The world is bursting with brand after brand. There are 30 million small businesses in the U.S. alone, which is more than the entire population of Australia—the world’s sixth-largest country. Even if only a small percentage of those companies are your competitors, that’s still an enormous number to find yourself up against. To succeed, you’re going to have to set yourself apart from the off, or else face drowning among the deluge of brands.
The most obvious way to stand out is simply to be original. Copying your competitors or using tired clichés in your messaging will make you instantly forgettable and won’t encourage anyone to pick you over other brands. You need to find an angle of your own, and emphasize it in any way you can, from your brand name and logo, to your company mission and advertising campaigns.
Since your name defines your business and is what people will first associate with your brand, this should be your starting point. Devising an original brand name can be as simple as creating acronyms (think HSBC, which stands for Hong Kong and Shanghai Banking Corporation), using foreign words (think Häagen-Dazs), or making a portmanteau by combining words (think Netflix).
It is important these days to think about if your brand name is original enough to for the corresponding .com domain to be available too. If it’s already taken, online domain generator tools can be a great way to gain inspiration for alternatives, and many will also tell you whether your chosen brand name has a free domain name to match. Brandable domain company Novanym’s business name generator is intended for prospective business owners, taking a user’s chosen keyword, brand sector, and selected name style to offer a range of relevant domain names and their prices. This helps identify potential business names and gauge the cost of buying the corresponding domain, informing any future purchasing decisions.
Your logo is equally important, as a visual symbol that people associate with your brand, and should again encapsulate what your company is all about. Again though, it can’t be a derivative design if it is to scream ‘you’. It is certainly worth consulting professional designers who can help turn your initial ideas into fully-fledged designs before actually creating the logos.
Tell a compelling story
A compelling brand story does so much more than just sell products—it connects people to your brand and makes it memorable. Storytelling is a powerful tool of communication and puts us as an audience into the place of a story’s subject, allowing us to feel and experience it. Indeed, research has shown that stories activate a release of neurotransmitters in our brains, which creates a chemical connection to the storyteller, and solidifies in our minds what they are saying.
What’s more, by conveying your brand’s personality and what it stands for, you demonstrate that you represent more than just your products and making money—you have a mission. This lets you show your human side, and build up empathy and trust among your audience, which ensures that they care about your brand. Most pertinently, it is unique to you, which helps further differentiate between who you are and what you do.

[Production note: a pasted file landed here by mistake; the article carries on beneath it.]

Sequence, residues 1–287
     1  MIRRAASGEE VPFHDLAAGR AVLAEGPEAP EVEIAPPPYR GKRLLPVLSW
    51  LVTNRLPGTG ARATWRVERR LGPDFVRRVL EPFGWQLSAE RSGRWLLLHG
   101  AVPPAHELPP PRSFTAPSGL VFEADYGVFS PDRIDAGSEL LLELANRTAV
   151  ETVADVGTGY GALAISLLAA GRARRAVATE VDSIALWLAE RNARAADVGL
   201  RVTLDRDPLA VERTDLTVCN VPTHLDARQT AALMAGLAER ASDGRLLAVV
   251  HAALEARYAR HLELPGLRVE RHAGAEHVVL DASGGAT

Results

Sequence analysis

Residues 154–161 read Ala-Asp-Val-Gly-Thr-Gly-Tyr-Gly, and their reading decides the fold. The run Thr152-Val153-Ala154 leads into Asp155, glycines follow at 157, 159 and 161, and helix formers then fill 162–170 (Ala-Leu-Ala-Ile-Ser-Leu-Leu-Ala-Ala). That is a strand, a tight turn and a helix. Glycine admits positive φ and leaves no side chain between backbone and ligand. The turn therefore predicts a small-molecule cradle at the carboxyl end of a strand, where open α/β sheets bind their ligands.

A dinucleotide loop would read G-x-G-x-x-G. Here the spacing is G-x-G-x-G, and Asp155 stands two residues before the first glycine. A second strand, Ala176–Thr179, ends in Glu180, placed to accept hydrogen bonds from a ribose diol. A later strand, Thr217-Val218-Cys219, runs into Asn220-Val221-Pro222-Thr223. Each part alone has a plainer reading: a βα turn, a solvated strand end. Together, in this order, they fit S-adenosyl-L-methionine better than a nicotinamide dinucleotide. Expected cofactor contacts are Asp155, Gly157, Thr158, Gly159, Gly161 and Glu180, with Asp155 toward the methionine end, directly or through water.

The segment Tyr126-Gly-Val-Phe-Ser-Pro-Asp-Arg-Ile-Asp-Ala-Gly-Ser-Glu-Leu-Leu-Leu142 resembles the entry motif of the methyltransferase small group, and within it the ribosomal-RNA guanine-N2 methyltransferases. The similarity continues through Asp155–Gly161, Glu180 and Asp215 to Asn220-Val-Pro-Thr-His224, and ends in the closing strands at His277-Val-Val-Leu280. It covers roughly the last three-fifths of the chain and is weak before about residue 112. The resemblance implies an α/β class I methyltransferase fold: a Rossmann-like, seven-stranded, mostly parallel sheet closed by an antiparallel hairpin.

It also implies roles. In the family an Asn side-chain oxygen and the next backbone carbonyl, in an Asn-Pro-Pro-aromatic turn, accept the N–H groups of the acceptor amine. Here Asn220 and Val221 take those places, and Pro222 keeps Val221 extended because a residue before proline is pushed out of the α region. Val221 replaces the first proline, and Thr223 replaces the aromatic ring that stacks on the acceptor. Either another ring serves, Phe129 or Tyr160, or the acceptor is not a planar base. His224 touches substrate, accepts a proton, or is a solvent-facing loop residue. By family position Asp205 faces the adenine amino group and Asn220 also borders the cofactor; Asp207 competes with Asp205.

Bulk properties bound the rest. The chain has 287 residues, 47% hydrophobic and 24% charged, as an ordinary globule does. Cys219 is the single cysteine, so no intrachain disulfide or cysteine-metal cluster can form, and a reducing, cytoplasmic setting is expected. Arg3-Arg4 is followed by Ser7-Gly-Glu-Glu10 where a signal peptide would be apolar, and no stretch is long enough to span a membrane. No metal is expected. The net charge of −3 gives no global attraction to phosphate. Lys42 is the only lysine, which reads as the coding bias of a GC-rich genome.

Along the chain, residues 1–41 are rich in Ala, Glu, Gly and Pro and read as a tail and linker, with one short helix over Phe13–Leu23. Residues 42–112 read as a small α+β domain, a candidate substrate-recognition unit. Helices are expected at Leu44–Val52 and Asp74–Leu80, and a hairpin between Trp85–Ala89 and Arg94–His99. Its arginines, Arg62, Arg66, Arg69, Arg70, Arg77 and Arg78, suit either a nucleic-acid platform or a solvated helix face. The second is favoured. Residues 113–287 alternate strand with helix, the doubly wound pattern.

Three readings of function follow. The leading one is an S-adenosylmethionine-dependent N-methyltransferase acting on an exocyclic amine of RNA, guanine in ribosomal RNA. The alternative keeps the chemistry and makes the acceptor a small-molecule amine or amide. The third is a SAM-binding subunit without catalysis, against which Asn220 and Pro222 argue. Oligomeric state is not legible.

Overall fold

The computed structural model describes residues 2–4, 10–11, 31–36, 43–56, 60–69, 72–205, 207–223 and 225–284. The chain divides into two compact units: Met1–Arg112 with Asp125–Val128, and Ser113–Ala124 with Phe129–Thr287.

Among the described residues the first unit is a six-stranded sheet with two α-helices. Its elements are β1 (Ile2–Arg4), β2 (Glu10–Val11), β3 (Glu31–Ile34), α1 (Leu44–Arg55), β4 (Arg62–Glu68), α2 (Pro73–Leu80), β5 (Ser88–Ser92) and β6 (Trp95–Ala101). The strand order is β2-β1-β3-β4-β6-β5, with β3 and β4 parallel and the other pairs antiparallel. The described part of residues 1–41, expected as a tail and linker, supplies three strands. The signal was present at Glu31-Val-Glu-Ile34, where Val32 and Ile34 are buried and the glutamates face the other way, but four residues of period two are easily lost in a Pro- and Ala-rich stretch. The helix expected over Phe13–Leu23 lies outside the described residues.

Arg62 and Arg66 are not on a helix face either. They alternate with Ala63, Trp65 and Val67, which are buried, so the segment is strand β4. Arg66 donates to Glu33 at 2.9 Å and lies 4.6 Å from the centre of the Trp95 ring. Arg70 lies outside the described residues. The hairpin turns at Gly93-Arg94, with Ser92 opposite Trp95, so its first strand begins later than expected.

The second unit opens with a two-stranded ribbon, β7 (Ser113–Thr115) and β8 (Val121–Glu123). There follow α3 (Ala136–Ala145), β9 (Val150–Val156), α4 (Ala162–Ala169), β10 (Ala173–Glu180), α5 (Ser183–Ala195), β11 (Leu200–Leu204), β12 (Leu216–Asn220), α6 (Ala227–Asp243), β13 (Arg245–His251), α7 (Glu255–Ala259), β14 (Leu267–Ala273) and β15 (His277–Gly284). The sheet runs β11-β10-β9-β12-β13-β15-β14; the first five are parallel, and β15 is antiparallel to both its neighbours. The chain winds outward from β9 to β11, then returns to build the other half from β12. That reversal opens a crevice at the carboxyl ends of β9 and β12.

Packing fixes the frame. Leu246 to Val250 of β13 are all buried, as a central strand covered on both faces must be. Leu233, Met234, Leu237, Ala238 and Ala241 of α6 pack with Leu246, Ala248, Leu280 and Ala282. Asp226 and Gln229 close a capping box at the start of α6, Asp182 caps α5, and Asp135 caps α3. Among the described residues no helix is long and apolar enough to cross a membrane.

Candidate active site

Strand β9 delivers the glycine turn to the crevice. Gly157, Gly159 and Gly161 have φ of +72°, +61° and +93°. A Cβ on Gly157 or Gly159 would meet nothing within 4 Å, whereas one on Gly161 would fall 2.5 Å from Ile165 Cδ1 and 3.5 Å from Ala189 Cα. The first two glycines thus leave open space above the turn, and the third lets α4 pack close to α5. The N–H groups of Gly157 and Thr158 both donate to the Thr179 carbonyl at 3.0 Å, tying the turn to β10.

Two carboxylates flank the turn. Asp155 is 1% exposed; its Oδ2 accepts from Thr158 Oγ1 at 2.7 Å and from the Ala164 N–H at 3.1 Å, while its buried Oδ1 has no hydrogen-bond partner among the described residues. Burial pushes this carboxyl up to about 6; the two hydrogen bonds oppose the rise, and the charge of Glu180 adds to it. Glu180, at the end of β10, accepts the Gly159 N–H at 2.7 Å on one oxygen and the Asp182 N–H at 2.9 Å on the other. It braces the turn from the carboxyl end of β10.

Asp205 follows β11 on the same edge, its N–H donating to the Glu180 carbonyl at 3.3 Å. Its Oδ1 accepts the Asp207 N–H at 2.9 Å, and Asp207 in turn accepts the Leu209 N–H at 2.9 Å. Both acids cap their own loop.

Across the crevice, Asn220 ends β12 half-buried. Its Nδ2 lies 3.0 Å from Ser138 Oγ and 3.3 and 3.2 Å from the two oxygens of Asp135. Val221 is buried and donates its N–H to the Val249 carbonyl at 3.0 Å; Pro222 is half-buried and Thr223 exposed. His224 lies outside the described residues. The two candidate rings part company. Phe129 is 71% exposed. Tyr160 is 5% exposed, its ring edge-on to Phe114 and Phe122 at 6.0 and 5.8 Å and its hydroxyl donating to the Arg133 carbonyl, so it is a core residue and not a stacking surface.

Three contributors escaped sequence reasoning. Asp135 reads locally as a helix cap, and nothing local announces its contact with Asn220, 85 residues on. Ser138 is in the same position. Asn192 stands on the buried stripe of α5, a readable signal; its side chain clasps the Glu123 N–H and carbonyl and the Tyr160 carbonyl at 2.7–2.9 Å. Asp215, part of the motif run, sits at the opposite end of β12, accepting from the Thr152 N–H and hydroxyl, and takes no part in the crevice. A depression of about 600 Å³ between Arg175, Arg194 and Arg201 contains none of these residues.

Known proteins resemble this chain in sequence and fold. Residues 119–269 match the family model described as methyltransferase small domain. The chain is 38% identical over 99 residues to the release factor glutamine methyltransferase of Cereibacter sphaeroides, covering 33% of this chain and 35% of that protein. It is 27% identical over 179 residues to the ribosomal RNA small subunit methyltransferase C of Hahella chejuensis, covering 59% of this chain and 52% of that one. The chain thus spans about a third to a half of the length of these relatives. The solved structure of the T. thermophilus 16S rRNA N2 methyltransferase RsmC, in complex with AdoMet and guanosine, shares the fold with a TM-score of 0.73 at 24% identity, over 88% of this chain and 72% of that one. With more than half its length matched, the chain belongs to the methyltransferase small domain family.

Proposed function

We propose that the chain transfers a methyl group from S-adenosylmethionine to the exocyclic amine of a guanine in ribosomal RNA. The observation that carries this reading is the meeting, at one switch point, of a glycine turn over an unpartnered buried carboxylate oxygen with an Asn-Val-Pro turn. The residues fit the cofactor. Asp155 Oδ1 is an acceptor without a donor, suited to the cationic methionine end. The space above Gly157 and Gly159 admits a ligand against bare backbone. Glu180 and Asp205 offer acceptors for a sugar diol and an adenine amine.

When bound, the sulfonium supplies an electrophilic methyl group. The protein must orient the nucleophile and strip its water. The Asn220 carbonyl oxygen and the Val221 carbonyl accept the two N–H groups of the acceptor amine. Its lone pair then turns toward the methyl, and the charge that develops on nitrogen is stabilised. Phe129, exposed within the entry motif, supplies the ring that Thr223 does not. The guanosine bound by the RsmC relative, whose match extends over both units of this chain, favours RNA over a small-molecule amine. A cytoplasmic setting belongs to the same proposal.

To create your own brand story, you need to present your brand journey, what is at its core, and exactly what it stands for. A good example of a brand story is that of SoulCycle, a US-based fitness brand. SoulCycle says its original vision was “to create an alternative to the fitness routines that felt like work”, by delivering “an inspirational, meditative fitness experience”. This narrative of eschewing boring fitness classes anchors all of its marketing campaigns, capturing the company’s essence and distinguishing it from the other fitness brands. So, think about the story behind your brand, and find a way to convey this to potential customers.
Create memorable customer experiences
Customer experience (CX) is a cornerstone of brand memorability—in fact, a study by CX consulting company Walker states that it will overtake price and product as the key brand differentiator by the end of 2020. A positive perception of these experiences helps to build memories and good-will among customers, again making your brand more likely to stay in their minds ahead of your competitors.
There are a huge number of ways you can create memorable customer experiences. One crucial method is creating an engaging website—for instance, incorporating chatbots to handle customer questions right away, or making use of interactive images or timelines. Another is by using social media to engage with your followers. It’s essential that you respond to queries and complaints on any platform, but social media also lets you encourage further interactions, such as incentivising followers to post content about your brand, which you can retweet in exchange for a promotional gift, or running contests.
If you have a physical store, providing memorable customer experiences is just as important there. That’s why many retailers host in-store events —for instance, some bookstores host signings with authors, while sports retailers often run fitness classes. You could also create immersive experiences. Take Virgin Holidays, who allow customers to view prospective holiday destinations through virtual reality goggles, giving them a taste of their dream destination.
Simon Davies is a freelance journalist interested in marketing, tech and small business. Follow him at @SimonTheoDavies.